Magic: The Gathering Universes Beyond sets mix-up Lord of the Rings, Warhammer 40K

Wizards of the Coast and Hasbro revealed a major bit of news this week with a pair of new card sets. Both exist in a line that'll be called Universes Beyond. Magic: The Gathering Universes Beyond will begin with a set for Lord of the Rings, and another set for Warhammer 40K. This could be amazingly fun and entertaining, or it could be the beginning of the end for the game.*

Two sets for starters

Hasbro (who've owned Wizards of the Coast since 1999) announced the new Magic: The Gathering initiative in an investor call this week. They've suggested that they'll have access to properties in the J.R.R. Tolkien's Middle-Earth universe. The Hobbit book and the main Lord of the Rings book trilogy are on the table, at the moment.

Warhammer 40,000, or Warhammer 40K, is a tabletop game with miniatures that's been in-effect since September of 1987. It's not clear at the moment whether we'll see Magic characters appear in Warhammer miniatures, but we WILL see Warhammer characters appear in Magic cards.

Release dates have not yet been revealed, we'll let you know as soon as we know what's up with the first two sets. Per the investor call this week: Magic Universes Beyond "crossover products" will "take fan-favorite brands and bring them into the Magic play system for exciting new collectible and social play opportunities."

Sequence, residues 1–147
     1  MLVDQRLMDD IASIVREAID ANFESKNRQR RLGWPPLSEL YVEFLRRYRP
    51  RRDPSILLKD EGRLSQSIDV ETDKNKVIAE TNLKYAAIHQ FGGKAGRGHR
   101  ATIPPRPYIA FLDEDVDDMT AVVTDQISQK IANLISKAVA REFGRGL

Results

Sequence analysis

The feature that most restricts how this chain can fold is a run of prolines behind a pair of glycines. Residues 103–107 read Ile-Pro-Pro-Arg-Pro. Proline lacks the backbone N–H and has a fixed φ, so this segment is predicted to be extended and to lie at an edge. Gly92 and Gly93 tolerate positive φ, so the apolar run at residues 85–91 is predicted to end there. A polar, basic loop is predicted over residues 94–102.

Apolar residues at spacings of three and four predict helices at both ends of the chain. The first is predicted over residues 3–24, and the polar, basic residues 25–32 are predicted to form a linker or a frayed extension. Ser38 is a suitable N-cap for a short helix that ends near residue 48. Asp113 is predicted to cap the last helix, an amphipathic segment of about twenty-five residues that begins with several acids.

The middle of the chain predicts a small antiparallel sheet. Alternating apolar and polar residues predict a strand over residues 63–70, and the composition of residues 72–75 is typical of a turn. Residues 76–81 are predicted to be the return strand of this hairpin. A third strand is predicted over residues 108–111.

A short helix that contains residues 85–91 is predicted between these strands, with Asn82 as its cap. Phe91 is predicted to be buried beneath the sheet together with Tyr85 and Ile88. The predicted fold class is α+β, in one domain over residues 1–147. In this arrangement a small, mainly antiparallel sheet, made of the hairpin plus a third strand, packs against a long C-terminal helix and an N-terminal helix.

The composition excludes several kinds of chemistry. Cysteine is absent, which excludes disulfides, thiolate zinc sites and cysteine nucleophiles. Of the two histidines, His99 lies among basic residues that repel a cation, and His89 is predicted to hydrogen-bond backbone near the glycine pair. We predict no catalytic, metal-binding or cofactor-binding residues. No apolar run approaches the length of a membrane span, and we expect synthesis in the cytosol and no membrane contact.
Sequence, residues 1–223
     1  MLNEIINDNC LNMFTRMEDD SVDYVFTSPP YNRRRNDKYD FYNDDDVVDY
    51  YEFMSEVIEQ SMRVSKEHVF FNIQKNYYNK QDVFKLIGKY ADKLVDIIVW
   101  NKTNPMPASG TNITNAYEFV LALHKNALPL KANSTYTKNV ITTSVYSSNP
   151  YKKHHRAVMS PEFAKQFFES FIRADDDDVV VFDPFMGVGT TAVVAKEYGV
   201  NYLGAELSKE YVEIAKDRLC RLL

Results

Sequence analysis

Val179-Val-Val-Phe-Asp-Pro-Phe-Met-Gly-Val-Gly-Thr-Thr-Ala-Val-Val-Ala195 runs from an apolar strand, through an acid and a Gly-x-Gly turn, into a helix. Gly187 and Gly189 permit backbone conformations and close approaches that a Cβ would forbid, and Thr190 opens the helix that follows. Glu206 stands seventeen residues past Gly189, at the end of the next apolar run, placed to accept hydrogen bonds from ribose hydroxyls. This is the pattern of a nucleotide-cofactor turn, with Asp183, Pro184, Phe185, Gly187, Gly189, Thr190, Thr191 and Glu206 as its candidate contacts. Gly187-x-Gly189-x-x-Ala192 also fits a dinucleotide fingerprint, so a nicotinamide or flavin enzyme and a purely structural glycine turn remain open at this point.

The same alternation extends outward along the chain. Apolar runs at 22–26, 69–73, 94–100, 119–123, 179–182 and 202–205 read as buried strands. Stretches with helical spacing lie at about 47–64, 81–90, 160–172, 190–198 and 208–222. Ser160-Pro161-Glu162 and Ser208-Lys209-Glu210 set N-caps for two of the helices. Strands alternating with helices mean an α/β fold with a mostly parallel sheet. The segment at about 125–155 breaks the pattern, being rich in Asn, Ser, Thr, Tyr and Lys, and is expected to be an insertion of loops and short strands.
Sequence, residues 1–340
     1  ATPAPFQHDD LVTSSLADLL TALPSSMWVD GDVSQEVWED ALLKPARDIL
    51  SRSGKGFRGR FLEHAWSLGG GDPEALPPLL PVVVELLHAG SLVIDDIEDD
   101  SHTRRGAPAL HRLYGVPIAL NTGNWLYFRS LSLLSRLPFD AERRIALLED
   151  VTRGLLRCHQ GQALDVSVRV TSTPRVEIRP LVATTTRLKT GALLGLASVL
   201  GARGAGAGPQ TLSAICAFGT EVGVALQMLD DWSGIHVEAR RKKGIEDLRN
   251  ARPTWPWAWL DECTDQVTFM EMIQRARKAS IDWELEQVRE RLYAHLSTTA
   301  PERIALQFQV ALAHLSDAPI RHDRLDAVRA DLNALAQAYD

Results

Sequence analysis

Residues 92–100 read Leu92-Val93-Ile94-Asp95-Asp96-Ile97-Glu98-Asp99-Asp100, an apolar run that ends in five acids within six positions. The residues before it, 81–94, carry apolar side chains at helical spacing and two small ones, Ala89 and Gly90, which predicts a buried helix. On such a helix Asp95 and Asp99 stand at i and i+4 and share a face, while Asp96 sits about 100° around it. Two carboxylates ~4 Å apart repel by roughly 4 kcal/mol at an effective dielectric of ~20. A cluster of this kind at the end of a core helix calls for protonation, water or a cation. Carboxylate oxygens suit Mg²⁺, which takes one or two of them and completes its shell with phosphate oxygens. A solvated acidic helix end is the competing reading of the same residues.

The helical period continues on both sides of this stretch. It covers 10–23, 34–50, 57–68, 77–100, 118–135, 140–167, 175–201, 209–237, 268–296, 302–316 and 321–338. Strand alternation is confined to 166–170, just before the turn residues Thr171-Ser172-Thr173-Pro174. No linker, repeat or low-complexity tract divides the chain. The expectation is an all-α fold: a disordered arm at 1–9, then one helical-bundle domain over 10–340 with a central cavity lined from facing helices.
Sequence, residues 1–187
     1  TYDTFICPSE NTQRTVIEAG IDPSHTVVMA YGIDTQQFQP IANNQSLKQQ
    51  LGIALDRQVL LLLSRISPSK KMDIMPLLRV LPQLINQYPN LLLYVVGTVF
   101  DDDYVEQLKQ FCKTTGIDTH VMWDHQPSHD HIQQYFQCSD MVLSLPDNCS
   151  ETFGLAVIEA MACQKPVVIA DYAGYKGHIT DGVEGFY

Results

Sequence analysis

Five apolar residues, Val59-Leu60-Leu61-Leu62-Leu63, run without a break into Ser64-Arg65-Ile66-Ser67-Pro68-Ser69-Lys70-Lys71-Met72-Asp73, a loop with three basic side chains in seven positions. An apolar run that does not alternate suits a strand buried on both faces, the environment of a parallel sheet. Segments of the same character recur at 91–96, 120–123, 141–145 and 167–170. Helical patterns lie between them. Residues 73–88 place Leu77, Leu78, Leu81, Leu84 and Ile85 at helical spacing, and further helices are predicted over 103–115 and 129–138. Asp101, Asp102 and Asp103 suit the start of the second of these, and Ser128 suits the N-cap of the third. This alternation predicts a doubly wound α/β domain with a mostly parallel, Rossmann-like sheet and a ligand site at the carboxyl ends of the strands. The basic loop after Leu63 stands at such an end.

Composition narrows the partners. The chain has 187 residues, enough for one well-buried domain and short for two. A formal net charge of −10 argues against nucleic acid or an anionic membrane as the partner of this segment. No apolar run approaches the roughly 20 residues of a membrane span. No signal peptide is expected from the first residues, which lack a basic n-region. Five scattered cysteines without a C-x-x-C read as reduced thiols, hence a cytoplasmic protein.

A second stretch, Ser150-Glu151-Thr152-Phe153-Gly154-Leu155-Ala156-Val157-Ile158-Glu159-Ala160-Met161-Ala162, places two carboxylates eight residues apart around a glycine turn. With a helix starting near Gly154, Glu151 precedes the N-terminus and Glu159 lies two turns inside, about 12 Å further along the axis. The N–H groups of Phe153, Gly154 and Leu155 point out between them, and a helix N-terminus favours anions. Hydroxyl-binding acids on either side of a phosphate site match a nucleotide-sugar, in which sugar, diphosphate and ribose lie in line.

Avoiding ARC

Back in the year 1998, Wizards of the Coast released a card game called C-23. The game was also known as Jim Lee's C-23, an awesome comic book series in its own right. The game C-23 was meant to be part of a card game system called the "ARC System."

The ARC System was an idyllic multi-universe card game system in which the Deckmaster system (like MTG) would set the stage for cross-play among all manner of properties. The ARC System also included Hercules and Xena sets, also from Wizards of the Coast – all sets were released in the year 1998.

The concept was fun, the game was fun, but the ARC System never developed beyond these three sets. Wizards of the Coast effectively abandoned the system and the sets after the release of Hercules in July of 1998. Cross your fingers the same doesn't happen with Magic now that they've jumped the shark.

*NOTE: It's VERY unlikely that Magic: The Gathering will end any time soon. They've already released all manner of bonkers and/or off-the-wall cards from sets from Unglued to My Little Pony, and they've been fine. No worries!